The fabric of America—its people—is vastly different than it was a generation or two ago. But that’s no surprise to anyone. What is surprising is the number of independent agencies now tailoring their marketing to reach various ethnic and other demographic groups.
About half of more than 2,500 agencies surveyed this year said they’ve acted to meet the needs of emerging markets, including women, LGBT, Latino/Hispanic, African-American, Asian-American and American Indian consumers, according to the 2012 Agency Universe Study by Future One, a cooperative effort of the Big “I” and independent agent carriers.
Some agents say they’re using a mix of techniques to market successfully to these groups, from diversifying their staff to joining or networking with demographic-specific organizations in the community.
HNH Insurance Partners in Houston built its agency over the past three years by focusing on Asian-Americans and women, says agency partner Robert Su, who is Chinese-American and owns the firm with his wife Andrea Hoang, who is Vietnamese-American.
Hoang has used her family network to arrange introductions to other successful Vietnamese-Americans in the sprawling city, many of them female entrepreneurs like herself. Eighty percent of the firm’s clients are Vietnamese and 70% of those clients are women.
“They range from high-end accountants and attorneys to small businesses like commercial real estate firms,” Su says. “The other 20% of our book runs the gamut, including Latin-American, Jewish and Caucasian; most of this [is] personal lines. After all, we speak Chinese, Vietnamese and English here.”
Other agents too are marketing to their respective clientele by hiring people like the prospective customers they’re hoping to reach.
Coughlin Group Inc., headquartered in Calabasas, Calif., has hired three gay and lesbian individuals over the years, including one in IT and another in sales for his agency.
“Frankly, he’s our best salesperson—just phenomenal,” Coughlin says. “Nevertheless, most of the staff of 25 here is straight.”
Coughlin Group, which also has offices in New York, has a substantial gay and lesbian clientele, among customers from other demographic and ethnic groups. Coughlin began marketing to the LGBT community before coming out as gay himself.
He and his brother bought the 65-year-old business in 1997 from their father. At the time, the agency had only a few gay clients.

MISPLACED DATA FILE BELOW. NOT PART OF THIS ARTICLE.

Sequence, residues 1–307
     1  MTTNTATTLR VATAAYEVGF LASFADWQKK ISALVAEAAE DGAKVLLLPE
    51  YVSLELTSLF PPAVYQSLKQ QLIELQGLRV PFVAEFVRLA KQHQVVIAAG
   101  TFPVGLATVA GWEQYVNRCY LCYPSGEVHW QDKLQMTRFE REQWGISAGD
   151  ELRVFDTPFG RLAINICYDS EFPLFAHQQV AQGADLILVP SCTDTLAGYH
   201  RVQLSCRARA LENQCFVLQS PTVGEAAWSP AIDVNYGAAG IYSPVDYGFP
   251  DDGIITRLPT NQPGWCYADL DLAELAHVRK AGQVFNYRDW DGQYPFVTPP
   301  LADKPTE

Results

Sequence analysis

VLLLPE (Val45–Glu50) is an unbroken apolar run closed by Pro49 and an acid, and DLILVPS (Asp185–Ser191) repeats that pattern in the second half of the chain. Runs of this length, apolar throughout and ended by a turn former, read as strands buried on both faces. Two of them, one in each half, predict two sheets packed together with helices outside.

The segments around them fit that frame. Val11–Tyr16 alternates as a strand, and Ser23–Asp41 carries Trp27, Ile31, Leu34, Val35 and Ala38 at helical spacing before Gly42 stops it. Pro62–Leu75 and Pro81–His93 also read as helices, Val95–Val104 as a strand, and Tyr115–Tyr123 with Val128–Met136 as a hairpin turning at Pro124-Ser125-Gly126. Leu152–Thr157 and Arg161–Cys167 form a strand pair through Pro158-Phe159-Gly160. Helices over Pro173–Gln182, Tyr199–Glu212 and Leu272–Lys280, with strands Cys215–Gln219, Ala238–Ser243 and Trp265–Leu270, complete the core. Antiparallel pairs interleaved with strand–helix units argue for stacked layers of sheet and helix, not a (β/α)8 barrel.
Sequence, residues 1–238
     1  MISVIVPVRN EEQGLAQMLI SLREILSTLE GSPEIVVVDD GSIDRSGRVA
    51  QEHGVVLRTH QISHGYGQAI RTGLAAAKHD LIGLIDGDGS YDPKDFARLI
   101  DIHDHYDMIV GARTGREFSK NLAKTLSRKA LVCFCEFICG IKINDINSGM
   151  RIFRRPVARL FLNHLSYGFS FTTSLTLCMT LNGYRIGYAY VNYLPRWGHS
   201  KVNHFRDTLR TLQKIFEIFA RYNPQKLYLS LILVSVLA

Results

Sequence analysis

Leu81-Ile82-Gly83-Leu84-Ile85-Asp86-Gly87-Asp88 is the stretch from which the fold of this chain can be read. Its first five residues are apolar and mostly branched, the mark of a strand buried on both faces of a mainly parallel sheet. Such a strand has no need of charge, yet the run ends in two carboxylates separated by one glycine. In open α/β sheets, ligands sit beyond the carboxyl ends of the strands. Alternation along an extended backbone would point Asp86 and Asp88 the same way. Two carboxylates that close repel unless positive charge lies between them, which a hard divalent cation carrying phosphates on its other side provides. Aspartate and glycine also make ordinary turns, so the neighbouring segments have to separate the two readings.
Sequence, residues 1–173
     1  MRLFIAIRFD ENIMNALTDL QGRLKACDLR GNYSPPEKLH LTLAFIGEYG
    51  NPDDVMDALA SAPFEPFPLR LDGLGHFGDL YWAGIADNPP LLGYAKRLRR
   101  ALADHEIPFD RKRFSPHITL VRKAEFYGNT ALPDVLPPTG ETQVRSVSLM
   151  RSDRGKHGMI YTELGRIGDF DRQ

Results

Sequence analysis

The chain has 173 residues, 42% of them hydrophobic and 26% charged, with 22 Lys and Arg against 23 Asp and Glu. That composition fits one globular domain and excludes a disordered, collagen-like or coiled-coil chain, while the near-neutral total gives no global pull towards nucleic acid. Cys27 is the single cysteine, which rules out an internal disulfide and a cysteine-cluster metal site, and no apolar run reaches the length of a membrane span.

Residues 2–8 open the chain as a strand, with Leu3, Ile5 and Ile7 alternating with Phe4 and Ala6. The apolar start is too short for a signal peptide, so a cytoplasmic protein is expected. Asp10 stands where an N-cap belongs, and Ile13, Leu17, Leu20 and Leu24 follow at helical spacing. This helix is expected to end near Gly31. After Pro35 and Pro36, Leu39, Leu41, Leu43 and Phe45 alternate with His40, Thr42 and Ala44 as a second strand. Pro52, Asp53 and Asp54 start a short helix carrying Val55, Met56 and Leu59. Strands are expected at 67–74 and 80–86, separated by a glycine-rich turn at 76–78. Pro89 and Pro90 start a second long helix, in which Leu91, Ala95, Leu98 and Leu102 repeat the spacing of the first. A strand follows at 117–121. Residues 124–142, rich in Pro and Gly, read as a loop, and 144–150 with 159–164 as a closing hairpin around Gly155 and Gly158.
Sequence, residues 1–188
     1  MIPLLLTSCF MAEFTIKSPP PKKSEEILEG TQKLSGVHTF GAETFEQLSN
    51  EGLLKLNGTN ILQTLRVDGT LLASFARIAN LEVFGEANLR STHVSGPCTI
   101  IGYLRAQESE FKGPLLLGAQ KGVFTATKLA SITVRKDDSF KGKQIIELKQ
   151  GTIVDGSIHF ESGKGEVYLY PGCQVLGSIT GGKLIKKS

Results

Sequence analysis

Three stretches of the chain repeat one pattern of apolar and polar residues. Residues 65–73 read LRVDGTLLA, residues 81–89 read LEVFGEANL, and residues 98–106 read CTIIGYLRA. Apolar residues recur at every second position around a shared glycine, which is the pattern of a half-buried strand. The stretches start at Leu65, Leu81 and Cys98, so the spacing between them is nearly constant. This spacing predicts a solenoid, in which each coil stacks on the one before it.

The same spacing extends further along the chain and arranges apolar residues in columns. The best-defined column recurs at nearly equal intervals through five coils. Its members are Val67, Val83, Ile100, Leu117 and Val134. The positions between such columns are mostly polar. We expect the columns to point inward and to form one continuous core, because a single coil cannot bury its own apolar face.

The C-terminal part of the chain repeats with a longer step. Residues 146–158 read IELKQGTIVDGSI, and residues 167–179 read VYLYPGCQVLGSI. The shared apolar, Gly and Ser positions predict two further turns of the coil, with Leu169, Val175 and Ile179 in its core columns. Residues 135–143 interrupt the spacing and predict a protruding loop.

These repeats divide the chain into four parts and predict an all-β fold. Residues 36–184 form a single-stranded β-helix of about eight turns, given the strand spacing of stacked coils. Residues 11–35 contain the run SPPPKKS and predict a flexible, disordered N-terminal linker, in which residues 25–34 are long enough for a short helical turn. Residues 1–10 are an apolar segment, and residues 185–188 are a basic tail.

“I remember this marketing brochure from Chubb that had a gay couple on the cover,” he says. “The policy made no difference between a married couple and a domestic partnership. It was the only policy and advertising material of its kind at the time, and it had a powerful impact on me.”
So powerful that Coughlin subsequently wrote a letter to Chubb, thanking the insurer for the marketing brochure. He told the company that his agency would back the Empire State Pride Agenda, a LGBT advocacy organization in New York, which Chubb supported.
“Their backing of Empire State Pride had given me the courage to also back it, as well as other gay initiatives,” he says. “If a company as old and well-respected as Chubb said this was okay, then it couldn’t be all that bad.”
“That’s when I came out to my parents and friends,” he adds.
In addition, Coughlin and Scott Hauge, president of CAL Insurance Agency Inc. in San Francisco, use more traditional marketing strategies, such as advertising in gay-themed publications.
But, as Hauge points out: “If you don’t have the producer backup, it’s just not very effective. Getting solid producers—whatever their ethnicity or lifestyle—is difficult.”
Meanwhile, Ricardo Del Rio, vice president of Actinver Insurance Services, says a personal touch is vital to building business. His San Antonio agency markets to a largely Hispanic community.
“I’m a member of the Hispanic Chamber of Commerce, as well as the greater Chamber of Commerce, and I’m active in doing things for the community,” he says. “That’s really made the difference.”
Russ Banham is an IA senior contributing writer.
Look for the December issue of Independent Agent magazine in your mailbox to learn more ways your agency can tailor its marketing to diverse demographic groups.